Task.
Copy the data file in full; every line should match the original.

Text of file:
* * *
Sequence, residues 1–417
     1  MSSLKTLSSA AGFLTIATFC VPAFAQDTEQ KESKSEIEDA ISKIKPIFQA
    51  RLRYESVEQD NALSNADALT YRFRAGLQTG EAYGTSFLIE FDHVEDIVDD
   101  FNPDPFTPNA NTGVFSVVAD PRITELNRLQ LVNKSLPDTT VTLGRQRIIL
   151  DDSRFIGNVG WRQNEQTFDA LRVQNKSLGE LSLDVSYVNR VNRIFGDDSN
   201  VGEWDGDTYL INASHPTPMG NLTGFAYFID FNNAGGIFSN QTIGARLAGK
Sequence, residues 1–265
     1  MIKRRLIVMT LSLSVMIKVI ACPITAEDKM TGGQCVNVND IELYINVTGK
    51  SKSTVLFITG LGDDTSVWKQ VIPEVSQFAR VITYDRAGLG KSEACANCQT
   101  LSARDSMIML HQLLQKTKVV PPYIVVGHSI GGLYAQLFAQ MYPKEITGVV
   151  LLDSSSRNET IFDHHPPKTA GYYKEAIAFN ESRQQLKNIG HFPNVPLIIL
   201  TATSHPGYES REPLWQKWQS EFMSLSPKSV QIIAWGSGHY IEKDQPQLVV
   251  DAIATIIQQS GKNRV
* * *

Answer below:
Sequence, residues 1–417
     1  MSSLKTLSSA AGFLTIATFC VPAFAQDTEQ KESKSEIEDA ISKIKPIFQA
    51  RLRYESVEQD NALSNADALT YRFRAGLQTG EAYGTSFLIE FDHVEDIVDD
   101  FNPDPFTPNA NTGVFSVVAD PRITELNRLQ LVNKSLPDTT VTLGRQRIIL
   151  DDSRFIGNVG WRQNEQTFDA LRVQNKSLGE LSLDVSYVNR VNRIFGDDSN
   201  VGEWDGDTYL INASHPTPMG NLTGFAYFID FNNAGGIFSN QTIGARLAGK
Sequence, residues 1–265
     1  MIKRRLIVMT LSLSVMIKVI ACPITAEDKM TGGQCVNVND IELYINVTGK
    51  SKSTVLFITG LGDDTSVWKQ VIPEVSQFAR VITYDRAGLG KSEACANCQT
   101  LSARDSMIML HQLLQKTKVV PPYIVVGHSI GGLYAQLFAQ MYPKEITGVV
   151  LLDSSSRNET IFDHHPPKTA GYYKEAIAFN ESRQQLKNIG HFPNVPLIIL
   201  TATSHPGYES REPLWQKWQS EFMSLSPKSV QIIAWGSGHY IEKDQPQLVV
   251  DAIATIIQQS GKNRV